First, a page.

As Malaysia’s Independence Day looms ever closer, sporting heroics are often re-lived including the 1992 Thomas Cup winning team, and a key figure in that historic success over rivals Indonesia was none other than Foo Kok Keong.

Foo was never associated as a stylish shuttler, but he was a player with a heart of a lion who wore his heart on his sleeve each time he stepped onto court to do battle.

As a singles player, he achieved a few significant highs, including reaching the world number one rank in 1991, winning the Asian Championships in 1994 as well as two SEA Games gold medals in 1989 and 1991.

But contributing a vital point in Malaysia’s 3-2 victory over Indonesia in the 1992 final will always rank as one of the most significant matches of his career.

With the score tied at one apiece, Foo faced Alan Budi Kusuma as an underdog in the second singles match, and put on the performance of his life to defeat the former Olympic champion in straight sets (15-6, 15-12).

“For me, the win was unexpected. The percentage was for Alan Budi. He was young and upcoming. He became Olympic champion that year. However, on that day, playing on home ground, I played well. Every stadium has a drift, and it is not easy to play in Stadium Negara.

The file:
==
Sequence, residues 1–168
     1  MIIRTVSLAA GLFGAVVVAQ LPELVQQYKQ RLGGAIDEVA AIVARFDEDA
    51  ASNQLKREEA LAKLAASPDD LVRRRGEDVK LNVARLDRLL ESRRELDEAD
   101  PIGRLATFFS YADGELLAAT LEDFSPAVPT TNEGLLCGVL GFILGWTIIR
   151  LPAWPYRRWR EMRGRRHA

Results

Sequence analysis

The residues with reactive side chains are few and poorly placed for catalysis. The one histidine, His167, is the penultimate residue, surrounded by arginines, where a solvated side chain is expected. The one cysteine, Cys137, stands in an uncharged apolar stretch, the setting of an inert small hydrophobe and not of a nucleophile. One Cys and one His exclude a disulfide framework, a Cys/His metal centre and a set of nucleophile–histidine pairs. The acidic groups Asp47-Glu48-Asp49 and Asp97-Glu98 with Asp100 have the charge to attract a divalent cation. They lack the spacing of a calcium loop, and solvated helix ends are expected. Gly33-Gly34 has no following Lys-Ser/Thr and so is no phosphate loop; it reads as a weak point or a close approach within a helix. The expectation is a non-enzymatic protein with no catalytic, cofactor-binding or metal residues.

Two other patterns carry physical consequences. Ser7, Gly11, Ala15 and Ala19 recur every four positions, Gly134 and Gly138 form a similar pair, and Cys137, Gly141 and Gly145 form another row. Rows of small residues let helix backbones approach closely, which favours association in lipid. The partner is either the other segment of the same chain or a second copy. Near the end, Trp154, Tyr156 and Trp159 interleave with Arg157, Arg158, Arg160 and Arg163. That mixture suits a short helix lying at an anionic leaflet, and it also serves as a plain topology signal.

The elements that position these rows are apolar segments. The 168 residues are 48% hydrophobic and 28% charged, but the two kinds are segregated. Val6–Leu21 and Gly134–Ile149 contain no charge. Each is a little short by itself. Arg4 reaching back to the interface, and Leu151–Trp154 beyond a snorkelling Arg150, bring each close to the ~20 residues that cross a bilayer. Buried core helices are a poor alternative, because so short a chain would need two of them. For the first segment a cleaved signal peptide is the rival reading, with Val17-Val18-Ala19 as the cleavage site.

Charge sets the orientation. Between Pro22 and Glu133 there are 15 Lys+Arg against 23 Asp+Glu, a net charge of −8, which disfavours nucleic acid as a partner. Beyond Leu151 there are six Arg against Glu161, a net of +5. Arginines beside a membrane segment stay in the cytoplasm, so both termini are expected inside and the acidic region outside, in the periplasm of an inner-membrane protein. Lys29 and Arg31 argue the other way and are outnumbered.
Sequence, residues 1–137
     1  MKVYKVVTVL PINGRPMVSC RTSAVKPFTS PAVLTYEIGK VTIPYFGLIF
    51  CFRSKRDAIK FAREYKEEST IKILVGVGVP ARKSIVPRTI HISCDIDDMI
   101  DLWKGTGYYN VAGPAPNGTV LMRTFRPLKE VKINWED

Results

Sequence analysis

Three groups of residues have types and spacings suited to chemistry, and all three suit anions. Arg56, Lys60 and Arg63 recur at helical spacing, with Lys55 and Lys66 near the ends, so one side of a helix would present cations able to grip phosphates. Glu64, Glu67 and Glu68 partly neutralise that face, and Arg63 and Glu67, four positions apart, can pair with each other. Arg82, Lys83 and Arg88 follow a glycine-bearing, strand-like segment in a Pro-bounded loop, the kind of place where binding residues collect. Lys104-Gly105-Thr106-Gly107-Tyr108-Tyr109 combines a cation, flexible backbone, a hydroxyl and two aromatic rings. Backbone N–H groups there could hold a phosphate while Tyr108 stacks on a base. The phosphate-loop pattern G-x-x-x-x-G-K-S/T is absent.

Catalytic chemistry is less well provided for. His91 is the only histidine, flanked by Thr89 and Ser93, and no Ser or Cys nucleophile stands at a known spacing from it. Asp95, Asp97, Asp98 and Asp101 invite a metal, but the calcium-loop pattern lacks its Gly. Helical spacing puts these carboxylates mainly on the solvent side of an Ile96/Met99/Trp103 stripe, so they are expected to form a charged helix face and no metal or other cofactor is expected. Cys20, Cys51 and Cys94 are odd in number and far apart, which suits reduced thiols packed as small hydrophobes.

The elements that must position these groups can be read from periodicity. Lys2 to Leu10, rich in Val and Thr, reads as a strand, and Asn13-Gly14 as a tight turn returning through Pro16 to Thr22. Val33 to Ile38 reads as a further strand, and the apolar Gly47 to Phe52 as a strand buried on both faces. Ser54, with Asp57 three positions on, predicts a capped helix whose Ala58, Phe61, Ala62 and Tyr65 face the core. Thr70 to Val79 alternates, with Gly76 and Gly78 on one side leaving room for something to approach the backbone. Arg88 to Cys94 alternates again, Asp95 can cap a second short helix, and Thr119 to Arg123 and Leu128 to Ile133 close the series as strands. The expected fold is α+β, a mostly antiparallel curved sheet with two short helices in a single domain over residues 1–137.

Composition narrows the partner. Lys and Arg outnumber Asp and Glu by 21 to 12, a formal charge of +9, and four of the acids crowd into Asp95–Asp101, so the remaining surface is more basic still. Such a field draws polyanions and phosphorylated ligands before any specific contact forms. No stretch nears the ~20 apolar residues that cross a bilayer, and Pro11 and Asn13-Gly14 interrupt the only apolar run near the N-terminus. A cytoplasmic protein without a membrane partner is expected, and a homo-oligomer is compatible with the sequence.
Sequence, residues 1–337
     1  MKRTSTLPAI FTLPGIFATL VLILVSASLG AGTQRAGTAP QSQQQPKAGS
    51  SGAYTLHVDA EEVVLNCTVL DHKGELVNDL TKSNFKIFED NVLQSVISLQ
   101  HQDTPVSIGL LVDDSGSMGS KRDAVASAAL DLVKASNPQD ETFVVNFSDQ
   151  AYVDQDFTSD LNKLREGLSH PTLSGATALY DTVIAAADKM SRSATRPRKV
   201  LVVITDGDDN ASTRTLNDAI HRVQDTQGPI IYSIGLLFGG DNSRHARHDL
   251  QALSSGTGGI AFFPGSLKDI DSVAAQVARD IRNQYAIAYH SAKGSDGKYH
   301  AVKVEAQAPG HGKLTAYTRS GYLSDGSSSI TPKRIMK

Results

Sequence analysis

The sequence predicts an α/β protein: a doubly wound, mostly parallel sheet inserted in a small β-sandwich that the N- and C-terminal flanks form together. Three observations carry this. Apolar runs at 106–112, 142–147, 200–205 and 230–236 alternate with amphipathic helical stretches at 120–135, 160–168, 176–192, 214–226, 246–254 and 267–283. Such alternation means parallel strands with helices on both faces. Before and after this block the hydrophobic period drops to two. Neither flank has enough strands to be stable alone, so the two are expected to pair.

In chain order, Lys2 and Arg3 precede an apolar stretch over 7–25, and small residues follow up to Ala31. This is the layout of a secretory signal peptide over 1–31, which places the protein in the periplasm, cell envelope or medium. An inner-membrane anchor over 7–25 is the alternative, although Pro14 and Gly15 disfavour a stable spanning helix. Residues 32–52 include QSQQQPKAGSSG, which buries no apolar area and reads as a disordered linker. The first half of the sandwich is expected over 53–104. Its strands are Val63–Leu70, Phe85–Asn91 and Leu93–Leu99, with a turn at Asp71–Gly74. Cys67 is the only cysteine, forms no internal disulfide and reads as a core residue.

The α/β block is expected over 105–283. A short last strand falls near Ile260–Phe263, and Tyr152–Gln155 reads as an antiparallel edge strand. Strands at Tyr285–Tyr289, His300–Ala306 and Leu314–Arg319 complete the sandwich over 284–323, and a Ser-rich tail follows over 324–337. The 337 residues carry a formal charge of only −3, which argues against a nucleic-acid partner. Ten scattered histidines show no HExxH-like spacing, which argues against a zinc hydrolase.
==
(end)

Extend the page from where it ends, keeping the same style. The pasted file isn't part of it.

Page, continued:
“I liked to play against the wind against Alan. Usually the Indonesians like to play with the wind because they had a hard smash, but playing against the wind made it easier to control the shuttle. That was a memorable victory and it made history for all of us,” Foo told the Badminton World Federation.

The 57-year-old also recalled another classic against another Indonesian in Ardy Wiranata at the 1991 Malaysian Open semifinal.

That titanic contest saw both men go at each other for almost two hours, resulting in both vomiting after the match.

Foo edged that match 12-15, 15-8, 17-14.

"Ardy vomited first, then I too vomited. At the end, I won 17-14. That was history, I cannot forget it," he recalled.

Post retirement in 1994, the Gombak-born dipped his hands into many things, including his own business, ambassadorship, a charity initiative and even a memoir titled Never, Ever Give Up.Malaysian badminton has produced many greats throughout different generations, but Foo was one-of-a-kind shuttler who may never be replicated again.